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2-B Katie Rizzo
Kristy Hui

April 10, 2017

Thank you to all that attended and participated in the Science Fair learning process! The Innovators were well prepared, proud of their scientific knowledge, and confident in presenting their findings at the Science Fair! Last week students were introduced to phase 1 of their city building unit, using their knowledge of geometry to identify and figure out how geometric shapes fit into buildings and city planning. As part of that process, students crated two-dimensional geometric cityscapes which are on display in the bookshelf outside of the classroom. Students also completed their persuasive writing pieces and we held a publishing party to celebrate the authors. Continuing to work on their inferencing skills, students looked at various art pieces with human subjects and made inferences about what the character is feeling or qualities they possess. As April is National Poetry Month, we also started our unit studying poetry and discussions about what makes up a poem.


We're so excited to delve deeper into our poetry unit. Last week, we read the poem Aloneness by Gwendolyn Brooks, "A poem distinguishing the difference between loneliness and aloneness, and the virtue of the latter". During our first read, Innovators paid attention to the visual imagery they created while listening, and during the second listen, students considered the poet's word choices. This week, we will practice reciting poetry, and dive deeper into the complex question – What is poetry? Students will read reverso poems by Marilyn Singer, and analyze the short, yet powerful poetry of Nayyirah Waheed. “if/ the ocean/ can calm itself/ so can you/ we/are both/ salt water/ mixed with/ air.” /// “i love myself / the / quietest / simplest / most / powerful / revolution / ever.”

As students complete Phase 1 of the Community Building project, many are transitioning to Phase 2. This stage consists of students designing a blueprint of their city block. They will be required to include two assigned buildings as well as some outdoor space. As they design and create, students will consider geometry terms and ideas, such as angles, lines, and polygons. They will also need to contemplate the placement of their buildings within their city block. Throughout the week, the CCT (City Council of Teachers) will be checking in with individual students to see if they are prepared to move on to Phase 3: Construction.

This week will also encompass some discussions and activities about telling time and elapsed time. Our goal is for students to be able to tell time to the nearest 15 minutes, but this week we will add an extra challenge and discuss reading an analog clock to the nearest 5 minutes. We will pose questions such as, “If the soccer game started at 9:30 and lasted 1 hour and 15 minutes, what time did it end?” A number line is a wonderful tool to utilize as students learn about elapsed time. We are looking forward to this last week of school before a well-deserved spring break!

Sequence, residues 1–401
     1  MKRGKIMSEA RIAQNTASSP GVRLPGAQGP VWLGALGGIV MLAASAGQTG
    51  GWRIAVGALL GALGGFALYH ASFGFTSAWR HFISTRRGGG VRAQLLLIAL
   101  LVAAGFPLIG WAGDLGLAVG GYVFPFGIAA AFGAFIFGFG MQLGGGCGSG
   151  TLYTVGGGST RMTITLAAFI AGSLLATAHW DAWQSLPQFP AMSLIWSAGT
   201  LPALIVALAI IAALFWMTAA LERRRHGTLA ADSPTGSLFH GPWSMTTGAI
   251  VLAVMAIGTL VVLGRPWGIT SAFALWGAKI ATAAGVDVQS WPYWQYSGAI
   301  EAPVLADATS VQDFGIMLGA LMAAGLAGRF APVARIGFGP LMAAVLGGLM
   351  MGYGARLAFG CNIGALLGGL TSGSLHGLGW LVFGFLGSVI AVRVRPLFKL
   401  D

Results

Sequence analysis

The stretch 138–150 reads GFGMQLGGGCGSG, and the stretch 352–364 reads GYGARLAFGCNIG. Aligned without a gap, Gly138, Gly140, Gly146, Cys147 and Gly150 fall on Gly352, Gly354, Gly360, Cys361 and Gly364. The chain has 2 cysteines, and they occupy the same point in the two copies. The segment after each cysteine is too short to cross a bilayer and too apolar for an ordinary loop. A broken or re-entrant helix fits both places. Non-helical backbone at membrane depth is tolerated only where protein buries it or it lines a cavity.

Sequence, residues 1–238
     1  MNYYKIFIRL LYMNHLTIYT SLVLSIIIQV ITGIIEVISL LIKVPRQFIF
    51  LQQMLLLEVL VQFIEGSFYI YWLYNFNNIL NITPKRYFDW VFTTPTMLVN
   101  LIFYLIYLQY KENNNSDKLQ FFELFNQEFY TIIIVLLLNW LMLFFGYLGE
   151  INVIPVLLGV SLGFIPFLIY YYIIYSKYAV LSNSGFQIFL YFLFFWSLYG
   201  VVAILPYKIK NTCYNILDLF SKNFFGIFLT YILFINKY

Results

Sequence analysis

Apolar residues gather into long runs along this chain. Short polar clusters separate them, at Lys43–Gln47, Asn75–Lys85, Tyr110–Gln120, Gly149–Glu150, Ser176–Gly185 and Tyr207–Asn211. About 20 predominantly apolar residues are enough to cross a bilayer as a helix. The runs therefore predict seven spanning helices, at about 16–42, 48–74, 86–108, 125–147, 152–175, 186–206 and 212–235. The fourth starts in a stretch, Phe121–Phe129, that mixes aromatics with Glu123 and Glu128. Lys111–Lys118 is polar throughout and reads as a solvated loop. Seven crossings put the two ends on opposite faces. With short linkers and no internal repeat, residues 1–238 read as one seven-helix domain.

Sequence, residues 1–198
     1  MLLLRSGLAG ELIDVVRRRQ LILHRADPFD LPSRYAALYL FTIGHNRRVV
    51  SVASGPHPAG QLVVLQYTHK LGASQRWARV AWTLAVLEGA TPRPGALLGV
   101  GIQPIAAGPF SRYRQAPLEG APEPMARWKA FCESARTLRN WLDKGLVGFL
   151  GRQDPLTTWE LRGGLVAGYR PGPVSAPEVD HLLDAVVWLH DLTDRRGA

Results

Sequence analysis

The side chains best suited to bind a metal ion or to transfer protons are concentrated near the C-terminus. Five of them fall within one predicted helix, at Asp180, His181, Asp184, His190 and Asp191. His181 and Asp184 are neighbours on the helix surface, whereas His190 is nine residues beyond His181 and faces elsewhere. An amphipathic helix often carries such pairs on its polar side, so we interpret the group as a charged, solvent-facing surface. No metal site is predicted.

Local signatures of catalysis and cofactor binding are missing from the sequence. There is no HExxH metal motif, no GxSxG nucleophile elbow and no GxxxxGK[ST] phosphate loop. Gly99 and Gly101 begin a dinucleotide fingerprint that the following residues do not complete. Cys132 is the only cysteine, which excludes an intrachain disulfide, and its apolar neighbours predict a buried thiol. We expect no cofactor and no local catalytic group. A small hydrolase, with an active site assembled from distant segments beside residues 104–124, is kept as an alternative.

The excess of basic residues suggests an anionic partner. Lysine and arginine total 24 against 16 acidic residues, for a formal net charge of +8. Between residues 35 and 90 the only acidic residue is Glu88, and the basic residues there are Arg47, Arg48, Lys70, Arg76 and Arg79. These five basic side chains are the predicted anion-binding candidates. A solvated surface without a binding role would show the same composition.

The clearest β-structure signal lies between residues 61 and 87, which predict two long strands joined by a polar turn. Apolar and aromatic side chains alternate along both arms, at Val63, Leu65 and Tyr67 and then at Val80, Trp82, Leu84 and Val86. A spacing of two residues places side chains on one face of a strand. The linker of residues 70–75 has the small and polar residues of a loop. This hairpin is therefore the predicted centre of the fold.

This week students will explore the concepts of home, immigration, history and journeys through the lens of their own family history. We will read stories such as, "This Is The Rope" and "The Keeping Quilt" to discuss family heirlooms, and the importance of items passed down through generations. Further, students will consider and analyze the poem by Nayyirah Waheed, "You broke the ocean in/ half to be here/ only to meet nothing that wants you." – immigrant. What do you think this person is feeling? Why might they feel like this? Lastly, students will read poetry written by detained immigrants at Angel Island, further exploring the experience of those who have newly arrived to our country.

Over the last month we have explored the scientific process in depth, understanding that evidence strengthens scientific conclusions and focusing on how to conduct fair tests. Congratulations to the second grade scientists on sharing their hard work at their first AVS Science Fair! This week we will spiral back to our understanding of human-centered design thinking (empathize, define, ideate, prototype, and test) as we embark on our city building unit. Students will work towards understanding how to construct and engineer a city based on the needs of others, focusing on the structural makeup of a city. Scaling and logical spacing between buildings will be introduced as students design blue prints of their city blocks. We will be discussing city wants and needs, as well as what buildings should be included in a city to create a welcoming and community environment.


Monday - Family History Interview (due next Monday)

Tuesday - Telling Time- Read the analog clock and write the digital time / Challenge: Solve the elapsed time word problem

Wednesday - Family Heirloom

Thursday - Dinner Discussion: What buildings/places would you build in a city to create a welcoming community? Discuss with an adult at home.
a progressive learning environment
an emphasis on science, math and technology

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